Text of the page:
Emmanuel Petit: I like that you use the term ‘elements’ since this is at the notion we now find in the Biennale… only here it has been given a different meaning. Indeed, Stirling has his own ‘autobiographical’ elements – autobiographical in the sense that he invents tropes he later repeats and transforms in new buildings. It is a very witty thing to do, and in fact, tonight I will be making a point about Stirling’s wit. How you create new elements of architecture has everything to do with wit. I will refer to Jean-Luc Nancy’s definition of this notion when he claims that wit is to thinking what dissolution is in alchemy. This is to say that wit has the ability to take everything apart and reassemble in unexpected ways. If you are witty you can see through the logic of objects and recombine them in truly inventive and fresh ways because you are not worried about being too serious, and because you have the intellectual faculty to combine things that are not (logically) combinable. That is the technique Stirling always used. It allowed him to design buildings that look like they could be taken from certain contexts but they are totally fresh because like alchemists he could turn shit into gold!
Cameron McEwan: It’s interesting, there is a kind of wilful attitude with Stirling!
Emmanuel Petit: There is some serious cheekiness in Stirling. Without a doubt! Even in the early work. For example, Leicester is cheeky. You have to have the guts to do what he did with that building on one of those English university campuses where you are probably not even permitted to utter bad words. This is a serious university, a serious campus, in a serious country, and he comes along and designs this weird building. Of course it’s not really funny, but it sure is cheeky and witty. The intellectual strategy is similar later at Düsseldorf or in Stuttgart. In the later work he becomes funnier, but you can only be funny when your position is safe enough that the world will take it. If you are funny without having established yourself you are just out. Funny guys don’t survive. Yet humour is the highest form of the intellect. Everyone manages to be serious, but very few manage to be funny or witty.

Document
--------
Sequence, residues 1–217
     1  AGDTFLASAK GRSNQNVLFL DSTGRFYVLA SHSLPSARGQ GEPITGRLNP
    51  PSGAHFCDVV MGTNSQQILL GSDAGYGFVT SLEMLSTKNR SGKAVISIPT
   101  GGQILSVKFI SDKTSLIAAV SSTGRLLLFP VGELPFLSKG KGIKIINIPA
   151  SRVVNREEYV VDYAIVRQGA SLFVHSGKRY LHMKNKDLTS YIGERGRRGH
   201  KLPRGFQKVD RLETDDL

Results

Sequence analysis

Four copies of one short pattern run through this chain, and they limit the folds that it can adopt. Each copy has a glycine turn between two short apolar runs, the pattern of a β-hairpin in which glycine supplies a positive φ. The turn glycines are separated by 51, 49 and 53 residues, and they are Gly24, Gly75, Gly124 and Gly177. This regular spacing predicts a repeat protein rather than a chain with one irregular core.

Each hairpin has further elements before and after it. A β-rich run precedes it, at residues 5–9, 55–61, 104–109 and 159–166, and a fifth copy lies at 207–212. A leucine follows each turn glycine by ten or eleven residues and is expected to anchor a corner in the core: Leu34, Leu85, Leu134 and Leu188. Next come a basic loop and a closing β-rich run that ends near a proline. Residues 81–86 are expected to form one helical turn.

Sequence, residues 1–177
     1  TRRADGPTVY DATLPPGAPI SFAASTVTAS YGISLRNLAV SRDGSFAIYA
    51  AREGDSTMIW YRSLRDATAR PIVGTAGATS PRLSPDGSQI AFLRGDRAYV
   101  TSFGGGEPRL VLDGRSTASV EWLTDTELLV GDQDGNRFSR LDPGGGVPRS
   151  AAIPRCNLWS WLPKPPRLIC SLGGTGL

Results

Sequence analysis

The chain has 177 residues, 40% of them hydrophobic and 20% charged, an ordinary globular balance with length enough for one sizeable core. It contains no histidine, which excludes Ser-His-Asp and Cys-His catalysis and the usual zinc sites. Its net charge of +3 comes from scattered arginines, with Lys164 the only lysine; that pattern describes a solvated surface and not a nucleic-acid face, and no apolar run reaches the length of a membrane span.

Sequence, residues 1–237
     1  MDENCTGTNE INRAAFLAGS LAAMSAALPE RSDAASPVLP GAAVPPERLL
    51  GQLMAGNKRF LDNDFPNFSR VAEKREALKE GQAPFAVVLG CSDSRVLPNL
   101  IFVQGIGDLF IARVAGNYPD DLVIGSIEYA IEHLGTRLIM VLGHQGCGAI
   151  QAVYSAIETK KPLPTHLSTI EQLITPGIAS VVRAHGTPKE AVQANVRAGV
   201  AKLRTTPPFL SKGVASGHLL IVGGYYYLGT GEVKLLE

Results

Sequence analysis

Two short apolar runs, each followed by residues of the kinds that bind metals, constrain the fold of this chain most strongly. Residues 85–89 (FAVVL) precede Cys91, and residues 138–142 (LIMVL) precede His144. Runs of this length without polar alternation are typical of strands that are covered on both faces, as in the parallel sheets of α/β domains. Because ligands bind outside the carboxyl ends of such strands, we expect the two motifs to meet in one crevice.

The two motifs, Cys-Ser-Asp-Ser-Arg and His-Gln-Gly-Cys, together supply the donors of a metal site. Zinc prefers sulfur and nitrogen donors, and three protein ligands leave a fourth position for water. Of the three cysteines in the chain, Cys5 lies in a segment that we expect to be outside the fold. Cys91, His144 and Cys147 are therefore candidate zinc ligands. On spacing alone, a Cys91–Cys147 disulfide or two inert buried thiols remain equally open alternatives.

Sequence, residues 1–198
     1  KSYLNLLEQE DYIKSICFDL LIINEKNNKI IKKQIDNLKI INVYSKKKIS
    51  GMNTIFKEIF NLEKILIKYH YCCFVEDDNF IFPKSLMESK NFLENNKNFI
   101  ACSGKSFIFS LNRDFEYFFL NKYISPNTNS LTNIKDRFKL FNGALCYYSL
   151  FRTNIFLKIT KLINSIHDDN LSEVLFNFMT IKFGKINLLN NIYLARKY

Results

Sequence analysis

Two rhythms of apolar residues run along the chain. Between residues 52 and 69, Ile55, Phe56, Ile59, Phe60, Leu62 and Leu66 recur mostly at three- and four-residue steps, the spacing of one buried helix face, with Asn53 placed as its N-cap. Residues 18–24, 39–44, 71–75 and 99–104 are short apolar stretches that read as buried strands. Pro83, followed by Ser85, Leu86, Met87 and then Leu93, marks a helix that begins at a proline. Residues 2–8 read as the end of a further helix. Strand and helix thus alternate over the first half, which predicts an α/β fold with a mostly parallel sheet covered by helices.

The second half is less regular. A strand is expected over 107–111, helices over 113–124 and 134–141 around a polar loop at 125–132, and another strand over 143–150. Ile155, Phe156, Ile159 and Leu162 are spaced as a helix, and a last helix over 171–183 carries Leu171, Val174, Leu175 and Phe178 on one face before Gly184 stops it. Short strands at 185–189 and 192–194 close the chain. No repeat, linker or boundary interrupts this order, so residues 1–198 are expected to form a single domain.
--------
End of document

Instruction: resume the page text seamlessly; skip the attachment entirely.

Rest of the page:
Cameron McEwan: Leicester is a very serious building so he became very serious, quite quickly which then allowed him the opportunity to become wilful or witty, almost immediately.
Emmanuel Petit: And he is British. By now the world expects from Brits to be funny and eccentric. Krier is from Luxembourg. A Luxembourger cannot be eccentric and the world does not expect somebody from Luxembourg to be eccentric.
Cameron McEwan: So you do it subversively then!
Emmanuel Petit: Oh I’m of a very different generation, which is part of a global culture where these national differences have eroded and where the rules and expectations have completely changed. But this was not the case in 1971. This was the time when Brits were supposed to be funny.
Cameron McEwan: So turning from wit to your book Irony, would you say that wit is a critical category?
Emmanuel Petit: Because nobody is able to say yes or no, I think that makes it so. Meaning, there are these terms – like wit or irony – that we do not know what to do with because they are beyond what we usually express with logical words. Irony can be funny but it can also be dead serious. That paradoxical simultaneity of such opposite meanings is what attracted me to them. Architecture in my mind is structurally similar to those terms. It is neither this nor that, it just ‘is.’ And it always goes beyond what we can say about it, yet we have no choice but to keep talking: words are a building material you cannot do without, but they are very fragile and can easily leak; and when your sentences about architecture leak, the client won’t be happy!
Cameron McEwan: In Irony you frame the discussion between the dates 1972 and 2001. The former as the demolition of Pruitt Igoe and the latter the destruction of the World Trade Centre. Beyond these events, what is the purpose of this chronology?